Each year, more than two-thirds of graduates with degrees in media are female, and yet the media industry is just one-third women, a number that only decreases for women of colour. The ‘personal essay boom’ of the early 2000s seemed to be a viable way for women to make their voices heard on a public platform, writing on subjects that were authentic and relatable, but often exposing and intimate. Personal essays cry out for identification and connection, but what authors sometimes experienced was distancing and shame. Should women feel like they must bare their souls in order to have their voice heard, and what can be done to tackle inequalities that might be fuelled by this?
The ‘personal essay’ dates back to classroom days where mainly white middle and upper-class men practiced “self-critical introspection”; meanwhile, women tended to write private diaries, letters or family memoirs and were kept away from composing anything thought to be autobiographical. Women were not published in this sort of form until around a century ago, when they were given writing columns in which to talk about women’s topics, news and views.
The coming of the digital age changed things in the 1990s. Not only were personal essays becoming more commonplace in the public sphere, such as on Blogspot and Facebook, but they were being advertised by numerous popular literary, film and TV characters, most obviously Carrie Bradshaw in Sex and the City. These influences encouraged people to write about their personal lives at length: “People love to talk about themselves, and they were given a platform and no rules” – Silvia Killingsworth . For some, the internet led to better-paid work and often it allowed for more movement and potential for promotion. However, placing delicate life stories online wasn’t always as thrilling as it seemed to be, nor did it have the best implications for the editors, readers and writers.
Writers face countless pressures when publishing their personal essays, so much that Laura Bennett deemed the industry as a “dangerous force for the people who participate in it”. The boom may have been financially beneficial for publications but writers, particularly those on the cusp of the professional journalism world, would come away with little to nothing financially for sharing gut-wrenchingly traumatic stories; clout, exposure and the potential for virality were seen as payment enough. The intense public circulation that could be achieved by one of these pieces might have been enough to also let moral considerations slide. The question of whether it is morally acceptable that writers may feel the need to share these exposés in order to gain access into the industry affects the writers and genre more broadly.
Despite the fact that authors have willingly put themselves in the public eye, there can be a significant amount of backlash. Readers are asked to form a moral judgement about a situation, and yet it is easy to forget that at the core of these pieces lies a person, real and alive. Comments sections can quickly fill up with hate and disagreement, which can cause severe damage to the writer and publication’s emotional wellbeing and reputation. Furthermore, it is difficult to extract those implicated within the writing without drowning out the writer’s voice. Personal essays can place readers in the fallout of their situation and lead them to feel like they have a deep understanding of the situation’s dynamics, when in reality they are far more removed.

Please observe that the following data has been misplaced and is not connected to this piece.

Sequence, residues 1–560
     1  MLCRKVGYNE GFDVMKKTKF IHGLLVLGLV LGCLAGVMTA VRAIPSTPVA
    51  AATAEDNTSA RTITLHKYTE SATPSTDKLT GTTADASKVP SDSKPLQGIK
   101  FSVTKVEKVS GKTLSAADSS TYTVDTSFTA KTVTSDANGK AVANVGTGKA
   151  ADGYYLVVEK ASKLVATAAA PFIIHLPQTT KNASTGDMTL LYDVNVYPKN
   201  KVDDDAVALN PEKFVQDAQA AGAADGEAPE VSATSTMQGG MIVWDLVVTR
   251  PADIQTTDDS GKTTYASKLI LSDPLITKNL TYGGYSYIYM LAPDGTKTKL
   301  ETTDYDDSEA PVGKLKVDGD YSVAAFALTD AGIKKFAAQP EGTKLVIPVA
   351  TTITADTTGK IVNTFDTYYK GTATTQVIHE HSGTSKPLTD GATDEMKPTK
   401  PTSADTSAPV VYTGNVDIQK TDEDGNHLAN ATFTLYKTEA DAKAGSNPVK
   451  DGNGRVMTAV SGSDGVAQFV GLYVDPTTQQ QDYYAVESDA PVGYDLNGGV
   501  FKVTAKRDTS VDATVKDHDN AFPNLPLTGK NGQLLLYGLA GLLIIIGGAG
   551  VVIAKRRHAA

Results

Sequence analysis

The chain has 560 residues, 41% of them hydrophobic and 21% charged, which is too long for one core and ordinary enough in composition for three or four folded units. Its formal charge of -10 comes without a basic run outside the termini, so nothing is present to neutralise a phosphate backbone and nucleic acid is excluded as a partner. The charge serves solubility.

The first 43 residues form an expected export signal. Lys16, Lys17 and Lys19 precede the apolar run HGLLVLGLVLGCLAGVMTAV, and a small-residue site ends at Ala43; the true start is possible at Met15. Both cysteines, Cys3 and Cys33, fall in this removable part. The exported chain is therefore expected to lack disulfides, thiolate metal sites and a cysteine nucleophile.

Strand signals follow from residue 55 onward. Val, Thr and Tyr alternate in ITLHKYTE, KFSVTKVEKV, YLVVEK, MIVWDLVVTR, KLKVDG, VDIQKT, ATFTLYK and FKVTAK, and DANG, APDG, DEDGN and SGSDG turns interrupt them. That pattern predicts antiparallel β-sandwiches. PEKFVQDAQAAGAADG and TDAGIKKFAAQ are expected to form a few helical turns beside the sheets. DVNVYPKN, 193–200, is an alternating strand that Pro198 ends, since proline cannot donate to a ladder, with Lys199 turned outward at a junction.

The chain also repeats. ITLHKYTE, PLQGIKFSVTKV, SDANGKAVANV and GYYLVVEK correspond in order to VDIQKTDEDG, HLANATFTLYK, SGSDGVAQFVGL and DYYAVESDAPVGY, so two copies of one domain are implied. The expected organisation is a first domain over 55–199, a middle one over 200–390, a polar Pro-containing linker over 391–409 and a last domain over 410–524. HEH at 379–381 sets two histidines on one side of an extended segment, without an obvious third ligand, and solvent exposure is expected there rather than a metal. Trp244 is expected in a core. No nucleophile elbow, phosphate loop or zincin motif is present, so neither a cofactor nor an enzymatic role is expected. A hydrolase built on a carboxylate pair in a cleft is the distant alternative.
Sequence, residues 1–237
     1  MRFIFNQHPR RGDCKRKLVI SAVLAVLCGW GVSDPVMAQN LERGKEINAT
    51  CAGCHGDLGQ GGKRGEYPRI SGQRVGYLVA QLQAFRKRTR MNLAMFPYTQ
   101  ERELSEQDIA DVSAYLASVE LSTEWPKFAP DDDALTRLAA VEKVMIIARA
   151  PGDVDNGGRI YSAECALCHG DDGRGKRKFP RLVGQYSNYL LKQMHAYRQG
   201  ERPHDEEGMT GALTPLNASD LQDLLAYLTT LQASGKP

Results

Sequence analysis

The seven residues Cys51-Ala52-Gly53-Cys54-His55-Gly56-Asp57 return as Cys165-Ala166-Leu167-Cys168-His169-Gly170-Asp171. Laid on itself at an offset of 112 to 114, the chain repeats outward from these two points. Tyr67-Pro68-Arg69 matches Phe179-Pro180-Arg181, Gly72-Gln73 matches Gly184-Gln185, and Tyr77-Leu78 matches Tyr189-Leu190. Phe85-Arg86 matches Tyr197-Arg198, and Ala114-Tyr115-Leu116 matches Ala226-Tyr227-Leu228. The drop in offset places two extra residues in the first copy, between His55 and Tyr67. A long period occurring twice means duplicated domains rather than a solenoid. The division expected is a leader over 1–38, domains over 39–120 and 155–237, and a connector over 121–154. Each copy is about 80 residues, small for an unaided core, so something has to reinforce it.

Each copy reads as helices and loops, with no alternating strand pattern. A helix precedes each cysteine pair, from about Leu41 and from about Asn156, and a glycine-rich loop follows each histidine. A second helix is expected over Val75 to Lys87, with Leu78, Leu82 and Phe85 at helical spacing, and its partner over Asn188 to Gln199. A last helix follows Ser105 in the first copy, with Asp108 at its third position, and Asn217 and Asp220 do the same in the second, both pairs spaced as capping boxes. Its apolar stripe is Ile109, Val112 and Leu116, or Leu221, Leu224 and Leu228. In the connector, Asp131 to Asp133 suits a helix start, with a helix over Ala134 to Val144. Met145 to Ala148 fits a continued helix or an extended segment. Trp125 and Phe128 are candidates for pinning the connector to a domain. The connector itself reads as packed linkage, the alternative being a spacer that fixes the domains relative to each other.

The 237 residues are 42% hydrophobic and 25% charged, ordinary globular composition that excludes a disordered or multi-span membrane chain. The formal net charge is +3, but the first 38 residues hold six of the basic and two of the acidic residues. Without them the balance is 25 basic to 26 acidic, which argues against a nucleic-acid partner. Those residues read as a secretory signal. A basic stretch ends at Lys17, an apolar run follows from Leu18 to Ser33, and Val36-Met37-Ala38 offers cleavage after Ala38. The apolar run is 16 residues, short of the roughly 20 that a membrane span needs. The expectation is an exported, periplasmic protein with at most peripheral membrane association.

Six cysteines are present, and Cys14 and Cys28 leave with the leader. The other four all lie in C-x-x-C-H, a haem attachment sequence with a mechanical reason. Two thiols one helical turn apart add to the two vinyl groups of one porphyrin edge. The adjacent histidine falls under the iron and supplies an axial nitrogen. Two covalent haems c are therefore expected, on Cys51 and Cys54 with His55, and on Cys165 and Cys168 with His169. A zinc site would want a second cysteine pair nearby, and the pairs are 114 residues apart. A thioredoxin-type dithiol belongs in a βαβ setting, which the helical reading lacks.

It is more common that the commodification of personal experience through the personal essay involves women. The rapidly changing conventions and constrictions surrounding issues affecting women such as abortion, marriage and the gender pay gap made their stories worth writing about, but they didn’t always receive much in return. Jia Tolentino, from The New Yorker, argues that female writers’ essays were too personal with topics sometimes being too important to be aired for an audience of strangers: body-horror pieces, lost-tampon chronicles etc. Attention flowed naturally to the outrageous, the harrowing, the intimate and the recognisable, and the online personal essay began to harden into a form defined by women’s identity and adversity; they can be life-changing and affirming at best, but exploitative at worst. However, it is possible to tackle this and Gal-dem, the online writing platform for women and non-binary people of colour, shows that it is possible to display and publish personal essays ethically and consciously. An important value they hold is they make their writers aware that they don’t need to tell-all, offering them support in order to tackle the hate that could come with online personal writing.
There are many ways of breaking into the journalism industry, and no way is necessarily the right way. However, if the ‘personal essay boom’ continues to dominate modern journalism, the genre must become more responsible in respecting the writers, editors, and readers, especially online.
– Mickey White